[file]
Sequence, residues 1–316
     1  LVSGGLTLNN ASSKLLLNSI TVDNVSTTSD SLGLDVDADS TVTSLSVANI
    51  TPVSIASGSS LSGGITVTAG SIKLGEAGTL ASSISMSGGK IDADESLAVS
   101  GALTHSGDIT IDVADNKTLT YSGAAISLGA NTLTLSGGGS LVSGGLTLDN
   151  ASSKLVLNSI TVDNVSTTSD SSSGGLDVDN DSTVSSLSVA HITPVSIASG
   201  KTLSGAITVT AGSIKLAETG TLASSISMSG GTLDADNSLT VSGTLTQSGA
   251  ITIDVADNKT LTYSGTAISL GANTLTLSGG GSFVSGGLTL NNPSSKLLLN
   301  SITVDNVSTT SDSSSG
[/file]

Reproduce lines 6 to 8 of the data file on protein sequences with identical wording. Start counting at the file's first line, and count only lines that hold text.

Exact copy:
   201  KTLSGAITVT AGSIKLAETG TLASSISMSG GTLDADNSLT VSGTLTQSGA
   251  ITIDVADNKT LTYSGTAISL GANTLTLSGG GSFVSGGLTL NNPSSKLLLN
   301  SITVDNVSTT SDSSSG